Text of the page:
His last film might have been in Woody Allen's Everything You Always Wanted to Know About Sex * But Were Afraid to Ask (1972). In "Conversations With Woody Allen" by Eric Lax, Allen recalls feeling like a fan, "sitting across from the Wolf Man!" as he interviewed Chaney for a role. Chaney did not appear in the final cut, and died the year after it was released.
Grandfather of Ron Chaney.
The six-foot-tall Chaney wanted to play football in Hollywood High School but was turned down because he only weighed 125 pounds.
Fay Wray and Joel McCrea were classmates of his at Hollywood High School.
Often he would accompany his father Lon Chaney to the studio and wait for the trolley on a bench at the corner of Hollywood and Vine. After the bench was removed years later, a special memorial to his father replaced it.
When Broderick Crawford left the stage production of "Of Mice and Men", Chaney was eager to play the role. He credits the kindness of Wallace Ford, the original "George", for getting him the role, which, of course, led to the 1939 screen version (Of Mice and Men (1939)) and eventual stardom.
He wanted to reprise his father's 1923 role of Quasimodo in The Hunchback of Notre Dame (1923) and underwent a screen test for the 1939 version of The Hunchback of Notre Dame (1939), but the role went to Charles Laughton. Chaney did recreate it in an episode of the television series Route 66 (1960).
Like his father, Chaney created his own make-up for the role of Akhoba in One Million B.C. (1940), but union regulations forced him to abandon it.
His scheduled ten-day tour on behalf of Bride of the Gorilla (1951) spiraled to 4-1/2 months and covered 4500 miles.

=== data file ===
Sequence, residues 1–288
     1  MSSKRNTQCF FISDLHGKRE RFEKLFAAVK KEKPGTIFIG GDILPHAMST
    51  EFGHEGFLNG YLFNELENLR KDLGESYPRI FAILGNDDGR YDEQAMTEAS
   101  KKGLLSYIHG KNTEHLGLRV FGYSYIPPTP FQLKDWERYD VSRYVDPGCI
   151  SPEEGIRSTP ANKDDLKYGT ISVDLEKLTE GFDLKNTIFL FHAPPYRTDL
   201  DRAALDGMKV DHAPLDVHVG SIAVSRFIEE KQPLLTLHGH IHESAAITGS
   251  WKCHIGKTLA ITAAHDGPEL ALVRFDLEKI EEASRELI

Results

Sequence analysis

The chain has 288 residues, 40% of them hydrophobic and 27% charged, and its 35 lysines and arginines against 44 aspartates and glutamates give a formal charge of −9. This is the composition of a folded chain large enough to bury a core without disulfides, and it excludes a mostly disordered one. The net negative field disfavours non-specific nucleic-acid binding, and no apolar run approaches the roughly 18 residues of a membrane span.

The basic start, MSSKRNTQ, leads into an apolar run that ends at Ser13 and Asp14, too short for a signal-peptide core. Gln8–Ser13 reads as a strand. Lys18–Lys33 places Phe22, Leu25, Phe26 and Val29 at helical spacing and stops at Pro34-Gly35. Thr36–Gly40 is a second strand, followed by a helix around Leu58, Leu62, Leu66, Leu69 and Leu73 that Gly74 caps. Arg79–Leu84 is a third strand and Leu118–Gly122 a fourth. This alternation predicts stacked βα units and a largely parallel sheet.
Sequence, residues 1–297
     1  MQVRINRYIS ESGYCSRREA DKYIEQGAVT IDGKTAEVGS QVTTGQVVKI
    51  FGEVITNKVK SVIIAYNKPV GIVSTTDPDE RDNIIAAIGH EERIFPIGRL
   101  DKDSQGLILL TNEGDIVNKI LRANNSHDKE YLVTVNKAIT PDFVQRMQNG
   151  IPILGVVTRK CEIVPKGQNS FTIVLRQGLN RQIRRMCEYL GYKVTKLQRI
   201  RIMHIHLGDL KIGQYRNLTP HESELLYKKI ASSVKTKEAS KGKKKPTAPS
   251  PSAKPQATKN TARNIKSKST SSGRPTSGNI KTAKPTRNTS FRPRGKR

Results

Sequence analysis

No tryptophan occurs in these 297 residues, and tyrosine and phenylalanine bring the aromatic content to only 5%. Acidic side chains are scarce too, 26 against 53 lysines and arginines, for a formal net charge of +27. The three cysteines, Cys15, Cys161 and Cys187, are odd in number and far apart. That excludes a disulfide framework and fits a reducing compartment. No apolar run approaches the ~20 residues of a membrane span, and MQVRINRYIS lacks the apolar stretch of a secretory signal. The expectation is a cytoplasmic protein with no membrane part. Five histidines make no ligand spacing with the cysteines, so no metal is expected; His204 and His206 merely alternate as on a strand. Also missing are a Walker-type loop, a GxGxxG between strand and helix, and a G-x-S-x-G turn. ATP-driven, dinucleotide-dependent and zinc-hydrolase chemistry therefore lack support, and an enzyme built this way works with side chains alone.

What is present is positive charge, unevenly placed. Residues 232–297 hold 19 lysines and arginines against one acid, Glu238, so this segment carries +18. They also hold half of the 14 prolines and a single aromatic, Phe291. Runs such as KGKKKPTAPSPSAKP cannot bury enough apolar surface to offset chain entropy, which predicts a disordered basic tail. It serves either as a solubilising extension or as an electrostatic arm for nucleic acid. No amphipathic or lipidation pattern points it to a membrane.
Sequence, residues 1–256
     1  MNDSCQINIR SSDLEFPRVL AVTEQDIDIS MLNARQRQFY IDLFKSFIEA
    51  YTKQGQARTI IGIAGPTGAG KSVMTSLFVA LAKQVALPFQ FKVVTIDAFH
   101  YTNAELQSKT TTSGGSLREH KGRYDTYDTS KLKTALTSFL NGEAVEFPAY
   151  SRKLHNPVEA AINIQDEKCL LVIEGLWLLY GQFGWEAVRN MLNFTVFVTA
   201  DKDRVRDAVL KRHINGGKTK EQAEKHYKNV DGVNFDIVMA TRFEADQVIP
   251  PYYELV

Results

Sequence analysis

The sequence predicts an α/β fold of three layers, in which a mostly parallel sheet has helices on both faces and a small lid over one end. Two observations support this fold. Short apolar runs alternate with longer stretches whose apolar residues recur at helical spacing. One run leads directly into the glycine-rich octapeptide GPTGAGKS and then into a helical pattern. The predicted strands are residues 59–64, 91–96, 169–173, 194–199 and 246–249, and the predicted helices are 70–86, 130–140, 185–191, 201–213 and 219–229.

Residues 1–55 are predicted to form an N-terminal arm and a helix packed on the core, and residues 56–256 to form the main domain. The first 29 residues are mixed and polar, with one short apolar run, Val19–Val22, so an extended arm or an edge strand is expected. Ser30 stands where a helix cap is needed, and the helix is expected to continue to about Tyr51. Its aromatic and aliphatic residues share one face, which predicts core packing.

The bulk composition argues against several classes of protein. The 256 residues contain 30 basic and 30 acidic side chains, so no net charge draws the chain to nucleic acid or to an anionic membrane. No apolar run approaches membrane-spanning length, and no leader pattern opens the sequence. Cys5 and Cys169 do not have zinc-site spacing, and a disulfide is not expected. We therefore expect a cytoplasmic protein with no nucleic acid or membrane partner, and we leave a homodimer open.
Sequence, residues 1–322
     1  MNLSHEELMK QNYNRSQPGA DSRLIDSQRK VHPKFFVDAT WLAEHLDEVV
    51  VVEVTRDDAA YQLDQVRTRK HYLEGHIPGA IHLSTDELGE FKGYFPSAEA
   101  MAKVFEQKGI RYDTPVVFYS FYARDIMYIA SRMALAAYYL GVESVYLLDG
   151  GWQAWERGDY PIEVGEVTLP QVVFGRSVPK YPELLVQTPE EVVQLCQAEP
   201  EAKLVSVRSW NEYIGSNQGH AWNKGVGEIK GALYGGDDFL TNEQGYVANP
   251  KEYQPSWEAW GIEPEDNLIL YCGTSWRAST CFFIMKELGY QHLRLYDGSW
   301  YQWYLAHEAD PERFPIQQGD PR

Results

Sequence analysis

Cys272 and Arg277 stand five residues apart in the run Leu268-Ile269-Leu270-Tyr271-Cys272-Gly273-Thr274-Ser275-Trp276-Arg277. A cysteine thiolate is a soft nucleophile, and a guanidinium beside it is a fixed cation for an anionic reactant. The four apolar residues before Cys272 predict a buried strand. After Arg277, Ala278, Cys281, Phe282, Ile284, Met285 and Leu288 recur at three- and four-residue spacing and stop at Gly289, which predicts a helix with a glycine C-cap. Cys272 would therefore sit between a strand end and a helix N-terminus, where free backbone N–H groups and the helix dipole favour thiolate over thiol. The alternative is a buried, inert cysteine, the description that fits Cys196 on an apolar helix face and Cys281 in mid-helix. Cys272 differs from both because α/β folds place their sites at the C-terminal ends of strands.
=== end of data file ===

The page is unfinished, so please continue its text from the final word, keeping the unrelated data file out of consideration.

He made headlines in the 1960s when he criticized "Fractured Flickers" for desecrating old film classics like his father's The Hunchback of Notre Dame (1923).
He was posthumously awarded a Golden Palm Star on the Palm Springs Walk of Stars on January 11, 1999.
He has three roles in common with Christopher Lee: (1) Chaney played Frankenstein's Monster in The Ghost of Frankenstein (1942) while Lee played him in The Curse of Frankenstein (1957), (2) Chaney played Kharis the Mummy in The Mummy's Tomb (1942), The Mummy's Ghost (1944) and The Mummy's Curse (1944) while Lee played him in The Mummy (1959) and (3) Chaney played Count Dracula in Son of Dracula (1943) while Lee played him in ten films from Horror of Dracula (1958) to Dracula and Son (1976).
He has two roles in common with Bela Lugosi: (1) Lugosi played Count Dracula in Dracula (1931) and Abbott and Costello Meet Frankenstein (1948) while Chaney played him in Son of Dracula (1943) and (2) Chaney played Frankenstein's Monster in The Ghost of Frankenstein (1942), in which Lugosi also appeared, while Lugosi played him in Frankenstein Meets the Wolf Man (1943), in which Chaney also appeared.
He appeared with John Carradine in thirteen films: This Is My Affair (1937),Alexander's Ragtime Band (1938), Submarine Patrol (1938) Jesse James (1939), Frontier Marshal (1939), House of Frankenstein (1944), The Mummy's Ghost (1944), House of Dracula (1945), Casanova's Big Night (1954), The Black Sleep (1956), House of the Black Death (1965), Gallery of Horror (1967) and Hillbillys in a Haunted House (1967).
Battled throat cancer and heart disease in later years.
Near the end of his life, he made an appearance on "The Tonight Show" with Johnny Carson. He claimed that his weak voice was the result of his playfully growling at children at Halloween. In reality, he was suffering from throat cancer.

Personal Quotes (5)

My father would be horrified if he knew I was making it in the pictures and that I'm not billed as Creighton Chaney.
I am most proud of the name Lon Chaney. I am not proud of Lon Chaney Jr., because they had to starve me to make me take this name.
Nothing is more natural to me than horror.
All the best of the monsters played for sympathy. That goes for my father, [Lon Chaney], myself and all the others. They all won the audience's sympathy. The Wolf Man didn't want to do all those bad things. He was forced into them.
The trouble with most of the monster pictures today is that they go after horror for horror's sake. There's no motivation for how monsters behave. There's too much of that science-fiction baloney.

Salary (3)

Bird of Paradise (1932) $200 @week
The Last Frontier (1932) $200 @week
Gallery of Horror (1967) $1,500